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Richmark Corp. v. Timber Falling Consultants

United States Court of Appeals for the Ninth Circuit

January 8, 1992, Argued and Submitted, Portland, Oregon ; March 30, 1992, Filed

Nos. 91-35966, 91-36059

Opinion

 [*1471]  OPINION

D.W. NELSON, Circuit Judge:

This case presents a number of difficult questions regarding a sensitive area of law and foreign relations. Timber Falling Consultants, Inc. (TFC) won a default judgment for fraud and breach of contract against Beijing Ever Bright Industrial Co. (Beijing), a corporation organized under the laws of the People's Republic of China (PRC) and an arm of the PRC government. As part of an effort to execute that judgment, TFC sought discovery of Beijing's assets worldwide. Beijing resisted those discovery efforts, and refused to comply when ordered to do so by the district court. The district court imposed discovery sanctions, held Beijing in contempt, and ordered contempt fines of $ 10,000 a day. Beijing contends that [**2]  PRC secrecy laws prevent it from complying with the discovery order and that it would be subject to prosecution in the PRC were it to comply. It appeals the discovery order, the discovery sanction, the contempt order, and the district court's refusal to vacate the contempt order. 1

 [**3]  While we acknowledge the importance of the interests the State Secrecy statute is designed to protect, we conclude in the circumstances of this case that the PRC's laws limiting disclosure cannot excuse Beijing's failure to comply with the district court's orders. For this reason, we affirm the discovery and contempt orders. We modify the contempt order, however, to make it payable to the court, rather than to TFC.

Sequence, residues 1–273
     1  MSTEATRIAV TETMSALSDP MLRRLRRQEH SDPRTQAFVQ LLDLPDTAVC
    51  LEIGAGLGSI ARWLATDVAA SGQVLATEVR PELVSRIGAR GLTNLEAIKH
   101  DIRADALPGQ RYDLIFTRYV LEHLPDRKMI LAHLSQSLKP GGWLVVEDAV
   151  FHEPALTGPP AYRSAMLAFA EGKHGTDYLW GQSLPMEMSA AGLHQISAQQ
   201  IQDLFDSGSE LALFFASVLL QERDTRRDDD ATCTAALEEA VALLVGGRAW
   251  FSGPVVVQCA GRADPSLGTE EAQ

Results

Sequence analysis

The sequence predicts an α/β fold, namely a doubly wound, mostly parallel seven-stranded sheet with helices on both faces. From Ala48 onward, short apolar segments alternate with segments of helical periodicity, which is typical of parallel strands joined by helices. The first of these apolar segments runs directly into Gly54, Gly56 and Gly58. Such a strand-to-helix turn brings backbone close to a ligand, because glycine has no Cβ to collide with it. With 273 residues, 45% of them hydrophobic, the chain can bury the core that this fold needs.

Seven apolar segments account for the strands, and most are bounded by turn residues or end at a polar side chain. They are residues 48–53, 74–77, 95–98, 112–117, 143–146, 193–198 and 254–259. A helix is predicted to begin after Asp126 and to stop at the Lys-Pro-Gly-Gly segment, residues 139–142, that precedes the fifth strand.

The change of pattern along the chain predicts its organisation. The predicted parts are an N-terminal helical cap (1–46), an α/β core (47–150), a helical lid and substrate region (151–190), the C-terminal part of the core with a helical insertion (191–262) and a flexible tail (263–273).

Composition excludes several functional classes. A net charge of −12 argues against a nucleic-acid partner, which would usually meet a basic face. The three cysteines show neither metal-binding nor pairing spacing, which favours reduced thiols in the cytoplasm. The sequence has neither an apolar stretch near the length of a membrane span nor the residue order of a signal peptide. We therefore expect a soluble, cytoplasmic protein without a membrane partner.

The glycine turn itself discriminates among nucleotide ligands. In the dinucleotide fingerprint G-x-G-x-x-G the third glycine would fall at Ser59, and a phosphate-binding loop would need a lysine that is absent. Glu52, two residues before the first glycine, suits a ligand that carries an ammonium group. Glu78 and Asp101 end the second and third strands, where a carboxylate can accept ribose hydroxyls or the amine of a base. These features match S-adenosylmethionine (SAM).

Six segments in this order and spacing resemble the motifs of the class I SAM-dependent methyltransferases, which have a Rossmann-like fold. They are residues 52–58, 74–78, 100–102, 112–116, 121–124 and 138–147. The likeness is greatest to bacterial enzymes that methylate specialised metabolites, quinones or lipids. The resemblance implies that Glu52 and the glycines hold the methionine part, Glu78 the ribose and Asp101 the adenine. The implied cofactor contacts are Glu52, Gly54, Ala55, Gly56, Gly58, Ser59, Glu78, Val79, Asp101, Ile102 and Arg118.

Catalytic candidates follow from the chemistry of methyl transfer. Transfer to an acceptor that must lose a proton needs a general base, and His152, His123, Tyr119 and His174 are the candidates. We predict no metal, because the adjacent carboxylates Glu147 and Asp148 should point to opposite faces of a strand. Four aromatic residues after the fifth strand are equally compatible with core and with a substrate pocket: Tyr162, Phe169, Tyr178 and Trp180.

FACTUAL AND PROCEDURAL BACKGROUND 

Beijing contracted to purchase lumber from Richmark Corp. Richmark in turn retained TFC to procure the timber. After the contract fell through, Richmark sued TFC. TFC counterclaimed against Richmark and cross-claimed against all other parties involved, including Beijing, alleging fraud and breach of contract. Beijing failed to appear, apparently because of the  [*1472]  interruption in United States-PRC relations which followed the Tienanmen square incident. All other claims on both sides were dismissed by the district court, but TFC was awarded a $ 2.2 million default judgment against Beijing. This judgment was entered on June 5, 1990.

Beijing appealed this judgment to the Ninth Circuit. 2 Beijing did not post a supersedeas bond or letter [**4]  of credit, however, so TFC was free to begin efforts to collect the judgment while the appeal was pending. In an attempt to do so, TFC served Beijing with a number of discovery requests and interrogatories which sought to identify Beijing's assets worldwide. Beijing did not respond to those requests, and instead moved for a stay of discovery pending resolution of its Rule 60(b) motion for relief from the judgment. TFC in turn filed a motion to compel discovery.

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959 F.2d 1468 *; 1992 U.S. App. LEXIS 5430 **; 22 Fed. R. Serv. 3d (Callaghan) 703; 92 Cal. Daily Op. Service 2662; 92 Daily Journal DAR 4234

Richmark Corp., a California Corporation, Plaintiff, v. Timber Falling Consultants, an Oregon Corporation, Defendant. Timber Falling Consultants, an Oregon Corporation, Counterclaim Plaintiff- Appellee, v. Richmark Corp., a California corporation; Peacock Mfg. Co. a Texas corporation; Zhu Yuanchang; Eugene Wang; James Yang; and Francis Tong, Counterclaim Defendants, and Beijing Ever Bright Industrial Co., a foreign corporation, Conterclaim Defendant- Appellant.

Prior History:  [**1]  Appeal from the United States District Court for the District of Oregon. D.C. No. CV-88-1203 FR. Helen J. Frye, District Judge, Presiding.

CORE TERMS

district court, discovery order, contempt, discovery, secrecy, disclosure, contempt sanction, sanctions, civil contempt, compliance, complied, contempt order, discovery request, contends, disclose information, coercive, orders, documents, disclose, vacate, weighs, discovery sanction, factors, Timber, subpoena, courts, fine, good faith, confidentiality, hardship

Civil Procedure, Sanctions, Contempt, Civil Contempt, Criminal Law & Procedure, Standards of Review, Abuse of Discretion, Discovery, General Overview, Appeals, De Novo Review, Methods of Discovery, Interrogatories, Discovery & Disclosure, Discovery, Foreign Discovery, Inspection & Production Requests, Relevance of Discoverable Information, Undue Burdens in Discovery, Judgments, Enforcement & Execution, Writs of Execution, International Law, Foreign & International Immunity, Sovereign Immunity, Remedies, Injunctions, Contempt, Misconduct During Discovery, Energy & Utilities Law, Discovery, Exploration & Recovery, Obstruction of Administration of Justice, Relief From Judgments